- Create a behavior visual for students so they can see what kind of day they are having. Personally, I would not put this behavior visual on display in the classroom. Instead, put something on the student’s desk that is maybe magnetic and you can put a yellow magnet down for “warning” and a red magnet down for “see me at recess.” This way students are not embarrassed but you can still manage behavior.
- Listen to student concerns. If it’s one student who is sparking anarchy and therefore an out of control classroom, try talking to that student one-on-one and creating an individualized plan. It might be a good idea to bring in the school counselor or a parent during this meeting.
- Praise students who are doing well. Often times when students are acting out, it’s because they want attention. Recognize positive behavior simply through saying “thank you” to those who are doing what you want them to. If you are going to use this strategy, make sure you praise all of the students when they start doing the behavior you want them to do.
There are many behavior strategies you can do to help an out of control classroom. If you already have a behavior plan in place and students are still displaying out of control classroom behavior, it may be a good idea to re-evaluate and revamp or replace your current plan.
While putting organizational strategies into place and redirecting behavior can help a classroom that is already out of control, it is truly best to make sure you use preventative measures to avoid having an out of control classroom.
Some prevention strategies include:
- Having organizational strategies (and back-up strategies) ready on the first day of school.
- Practice organizational strategies and classroom procedures from the get-go
- Communicating behavior expectations in your classroom
- Modeling your classroom expectations throughout the school year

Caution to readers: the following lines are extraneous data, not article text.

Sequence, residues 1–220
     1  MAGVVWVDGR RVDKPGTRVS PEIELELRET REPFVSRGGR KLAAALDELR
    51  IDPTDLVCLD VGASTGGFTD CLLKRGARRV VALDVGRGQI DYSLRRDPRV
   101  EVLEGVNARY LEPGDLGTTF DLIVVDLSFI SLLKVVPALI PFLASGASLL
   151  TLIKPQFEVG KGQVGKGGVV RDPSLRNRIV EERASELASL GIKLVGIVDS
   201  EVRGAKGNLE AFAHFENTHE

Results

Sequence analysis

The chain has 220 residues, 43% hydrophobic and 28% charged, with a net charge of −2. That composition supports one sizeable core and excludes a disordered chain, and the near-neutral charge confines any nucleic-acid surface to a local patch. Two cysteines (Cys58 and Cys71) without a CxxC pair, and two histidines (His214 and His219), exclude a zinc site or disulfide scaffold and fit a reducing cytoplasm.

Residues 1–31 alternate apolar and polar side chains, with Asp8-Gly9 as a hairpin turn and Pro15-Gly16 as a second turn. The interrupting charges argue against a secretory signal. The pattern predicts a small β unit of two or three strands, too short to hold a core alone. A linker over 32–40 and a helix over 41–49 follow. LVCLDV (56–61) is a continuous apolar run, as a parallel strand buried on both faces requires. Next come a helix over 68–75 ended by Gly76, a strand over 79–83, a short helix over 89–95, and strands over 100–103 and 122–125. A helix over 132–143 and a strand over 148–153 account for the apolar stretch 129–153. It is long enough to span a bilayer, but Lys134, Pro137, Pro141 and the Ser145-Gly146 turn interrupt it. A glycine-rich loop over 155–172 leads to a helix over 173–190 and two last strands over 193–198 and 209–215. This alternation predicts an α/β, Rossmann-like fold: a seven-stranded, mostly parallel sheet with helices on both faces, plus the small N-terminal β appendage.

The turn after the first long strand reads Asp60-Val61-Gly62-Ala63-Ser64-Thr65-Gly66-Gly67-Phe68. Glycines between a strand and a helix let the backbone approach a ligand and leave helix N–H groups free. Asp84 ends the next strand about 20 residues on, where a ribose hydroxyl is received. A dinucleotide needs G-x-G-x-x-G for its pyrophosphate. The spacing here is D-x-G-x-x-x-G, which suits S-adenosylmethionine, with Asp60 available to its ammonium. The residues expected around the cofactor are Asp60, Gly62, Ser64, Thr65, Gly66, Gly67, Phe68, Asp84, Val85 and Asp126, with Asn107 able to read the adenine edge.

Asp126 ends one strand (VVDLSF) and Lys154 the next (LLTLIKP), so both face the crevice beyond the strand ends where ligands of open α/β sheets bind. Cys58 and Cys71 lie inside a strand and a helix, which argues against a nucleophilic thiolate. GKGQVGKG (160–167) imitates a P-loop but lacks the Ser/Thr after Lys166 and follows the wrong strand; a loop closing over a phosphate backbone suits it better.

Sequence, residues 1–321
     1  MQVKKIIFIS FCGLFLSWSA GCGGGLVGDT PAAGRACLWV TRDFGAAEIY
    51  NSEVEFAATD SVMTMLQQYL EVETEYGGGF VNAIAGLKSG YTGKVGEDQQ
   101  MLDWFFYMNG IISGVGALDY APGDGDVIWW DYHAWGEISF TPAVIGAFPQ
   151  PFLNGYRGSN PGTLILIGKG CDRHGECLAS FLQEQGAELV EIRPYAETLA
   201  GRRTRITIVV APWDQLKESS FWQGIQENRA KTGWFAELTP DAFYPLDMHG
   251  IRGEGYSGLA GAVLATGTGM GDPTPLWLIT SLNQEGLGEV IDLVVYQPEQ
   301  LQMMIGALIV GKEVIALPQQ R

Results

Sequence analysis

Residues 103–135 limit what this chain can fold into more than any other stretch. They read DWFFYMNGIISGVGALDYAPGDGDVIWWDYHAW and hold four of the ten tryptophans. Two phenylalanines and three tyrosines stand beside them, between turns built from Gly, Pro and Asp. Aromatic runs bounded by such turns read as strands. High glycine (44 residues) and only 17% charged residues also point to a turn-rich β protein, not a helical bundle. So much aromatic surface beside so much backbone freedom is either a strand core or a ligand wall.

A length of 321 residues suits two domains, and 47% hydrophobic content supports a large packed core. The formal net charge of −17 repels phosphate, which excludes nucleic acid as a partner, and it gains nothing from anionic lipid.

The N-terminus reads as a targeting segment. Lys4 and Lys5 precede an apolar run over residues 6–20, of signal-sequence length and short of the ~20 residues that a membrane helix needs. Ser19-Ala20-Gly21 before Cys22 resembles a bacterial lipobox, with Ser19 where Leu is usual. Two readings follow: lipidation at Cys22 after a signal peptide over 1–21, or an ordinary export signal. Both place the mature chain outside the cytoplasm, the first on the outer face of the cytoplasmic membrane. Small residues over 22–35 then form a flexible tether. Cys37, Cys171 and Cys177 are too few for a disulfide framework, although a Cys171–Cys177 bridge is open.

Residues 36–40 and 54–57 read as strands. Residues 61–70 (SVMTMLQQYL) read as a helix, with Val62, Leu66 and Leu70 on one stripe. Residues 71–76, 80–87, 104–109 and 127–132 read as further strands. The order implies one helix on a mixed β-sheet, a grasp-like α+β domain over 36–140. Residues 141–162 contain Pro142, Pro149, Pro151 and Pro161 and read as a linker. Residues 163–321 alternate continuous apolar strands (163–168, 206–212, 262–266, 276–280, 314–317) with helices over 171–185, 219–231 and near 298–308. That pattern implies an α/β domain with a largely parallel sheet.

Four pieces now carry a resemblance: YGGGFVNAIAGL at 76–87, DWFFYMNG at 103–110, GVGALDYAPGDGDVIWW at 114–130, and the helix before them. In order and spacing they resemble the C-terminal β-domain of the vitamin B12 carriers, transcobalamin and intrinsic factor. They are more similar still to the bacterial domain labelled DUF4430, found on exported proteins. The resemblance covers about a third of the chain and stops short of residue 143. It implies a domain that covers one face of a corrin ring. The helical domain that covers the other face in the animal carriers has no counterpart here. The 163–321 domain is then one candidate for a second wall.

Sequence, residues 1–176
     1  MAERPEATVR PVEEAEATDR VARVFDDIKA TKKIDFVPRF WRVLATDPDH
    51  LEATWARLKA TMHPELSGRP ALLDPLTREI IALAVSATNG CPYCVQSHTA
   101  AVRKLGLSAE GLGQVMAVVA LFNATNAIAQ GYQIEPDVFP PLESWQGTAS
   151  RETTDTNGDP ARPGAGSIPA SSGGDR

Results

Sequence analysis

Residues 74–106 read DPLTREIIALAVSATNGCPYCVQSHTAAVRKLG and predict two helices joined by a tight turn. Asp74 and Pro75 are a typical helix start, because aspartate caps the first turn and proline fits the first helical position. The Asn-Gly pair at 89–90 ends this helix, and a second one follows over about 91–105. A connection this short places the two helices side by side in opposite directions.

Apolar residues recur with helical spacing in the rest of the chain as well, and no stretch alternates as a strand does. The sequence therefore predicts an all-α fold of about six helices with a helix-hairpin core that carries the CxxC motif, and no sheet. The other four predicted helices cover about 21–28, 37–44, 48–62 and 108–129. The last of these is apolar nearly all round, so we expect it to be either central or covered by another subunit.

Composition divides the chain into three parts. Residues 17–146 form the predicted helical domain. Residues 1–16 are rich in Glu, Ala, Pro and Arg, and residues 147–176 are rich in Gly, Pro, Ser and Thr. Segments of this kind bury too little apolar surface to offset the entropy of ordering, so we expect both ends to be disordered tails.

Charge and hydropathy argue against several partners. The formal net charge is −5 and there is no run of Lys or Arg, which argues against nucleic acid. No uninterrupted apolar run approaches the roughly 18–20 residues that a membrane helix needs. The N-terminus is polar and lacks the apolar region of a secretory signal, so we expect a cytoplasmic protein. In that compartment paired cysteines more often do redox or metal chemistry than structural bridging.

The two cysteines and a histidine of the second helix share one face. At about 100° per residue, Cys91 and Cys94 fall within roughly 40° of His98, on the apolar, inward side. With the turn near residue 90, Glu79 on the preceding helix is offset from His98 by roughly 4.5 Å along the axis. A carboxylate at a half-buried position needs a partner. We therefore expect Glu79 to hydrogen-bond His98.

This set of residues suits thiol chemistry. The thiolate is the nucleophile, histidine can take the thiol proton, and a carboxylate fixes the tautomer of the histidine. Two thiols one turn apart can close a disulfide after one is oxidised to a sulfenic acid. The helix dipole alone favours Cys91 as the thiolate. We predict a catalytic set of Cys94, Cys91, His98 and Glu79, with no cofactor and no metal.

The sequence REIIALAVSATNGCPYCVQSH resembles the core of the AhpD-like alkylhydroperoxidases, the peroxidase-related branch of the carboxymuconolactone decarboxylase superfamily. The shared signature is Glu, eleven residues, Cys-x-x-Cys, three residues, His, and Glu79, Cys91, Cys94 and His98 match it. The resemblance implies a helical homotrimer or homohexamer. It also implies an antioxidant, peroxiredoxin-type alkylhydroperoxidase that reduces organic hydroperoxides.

- Keeping your expectations firm.
- Following through with consequences (good and bad)
Having an out of control classroom is never ideal and having to manage one can burn a teacher out really fast. By ensuring you’re ready at the beginning of the year, you may be able to prevent an out of control classroom from every being a thing.
But, there are times when it cannot be helped due to the personalities in your classroom or a number of other things such as family dynamics that are out of your control.
If your classroom becomes out of control at some point in the year, the best things to do is reevaluate what you are doing and ensure you are not “bending” on the procedures you set up at the beginning of the year, revamp organization strategies, and practice the changes or revisit the original procedures.
For organizational tips, visit this post on keeping organized in the classroom!
Healthy Teacher: Getting Organized
Until Next Time Educational Rockstars,
Really great ideas! Very actionable tips, and I love how it focuses on creating an environment that promotes a “controlled” classroom rather than stopping one that is already out of control.
Thank you Josh! One thing I strongly believe in is having a plan in place to prevent CHAOS from creeping up on ya!!! Happy Teaching!